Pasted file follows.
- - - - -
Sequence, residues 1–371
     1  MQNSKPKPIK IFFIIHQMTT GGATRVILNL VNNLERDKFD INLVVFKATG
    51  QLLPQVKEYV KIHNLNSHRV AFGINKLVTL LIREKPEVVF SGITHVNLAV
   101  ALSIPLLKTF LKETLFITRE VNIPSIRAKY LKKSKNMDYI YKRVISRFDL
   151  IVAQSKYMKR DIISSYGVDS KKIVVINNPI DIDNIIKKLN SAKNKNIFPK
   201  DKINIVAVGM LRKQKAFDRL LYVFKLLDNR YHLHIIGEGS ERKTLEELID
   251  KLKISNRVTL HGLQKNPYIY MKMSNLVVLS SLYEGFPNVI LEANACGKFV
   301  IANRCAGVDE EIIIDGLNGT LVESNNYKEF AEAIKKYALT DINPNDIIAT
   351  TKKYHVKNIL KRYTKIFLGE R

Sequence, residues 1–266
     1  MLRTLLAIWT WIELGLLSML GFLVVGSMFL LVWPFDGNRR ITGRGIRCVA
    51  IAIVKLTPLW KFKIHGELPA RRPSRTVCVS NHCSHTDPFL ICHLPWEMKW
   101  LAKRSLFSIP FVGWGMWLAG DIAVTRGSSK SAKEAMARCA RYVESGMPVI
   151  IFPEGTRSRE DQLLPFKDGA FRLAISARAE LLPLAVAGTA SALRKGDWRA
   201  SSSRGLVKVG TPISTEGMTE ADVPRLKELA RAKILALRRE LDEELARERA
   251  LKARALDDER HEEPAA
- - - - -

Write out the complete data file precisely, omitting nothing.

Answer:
Sequence, residues 1–371
     1  MQNSKPKPIK IFFIIHQMTT GGATRVILNL VNNLERDKFD INLVVFKATG
    51  QLLPQVKEYV KIHNLNSHRV AFGINKLVTL LIREKPEVVF SGITHVNLAV
   101  ALSIPLLKTF LKETLFITRE VNIPSIRAKY LKKSKNMDYI YKRVISRFDL
   151  IVAQSKYMKR DIISSYGVDS KKIVVINNPI DIDNIIKKLN SAKNKNIFPK
   201  DKINIVAVGM LRKQKAFDRL LYVFKLLDNR YHLHIIGEGS ERKTLEELID
   251  KLKISNRVTL HGLQKNPYIY MKMSNLVVLS SLYEGFPNVI LEANACGKFV
   301  IANRCAGVDE EIIIDGLNGT LVESNNYKEF AEAIKKYALT DINPNDIIAT
   351  TKKYHVKNIL KRYTKIFLGE R

Sequence, residues 1–266
     1  MLRTLLAIWT WIELGLLSML GFLVVGSMFL LVWPFDGNRR ITGRGIRCVA
    51  IAIVKLTPLW KFKIHGELPA RRPSRTVCVS NHCSHTDPFL ICHLPWEMKW
   101  LAKRSLFSIP FVGWGMWLAG DIAVTRGSSK SAKEAMARCA RYVESGMPVI
   151  IFPEGTRSRE DQLLPFKDGA FRLAISARAE LLPLAVAGTA SALRKGDWRA
   201  SSSRGLVKVG TPISTEGMTE ADVPRLKELA RAKILALRRE LDEELARERA
   251  LKARALDDER HEEPAA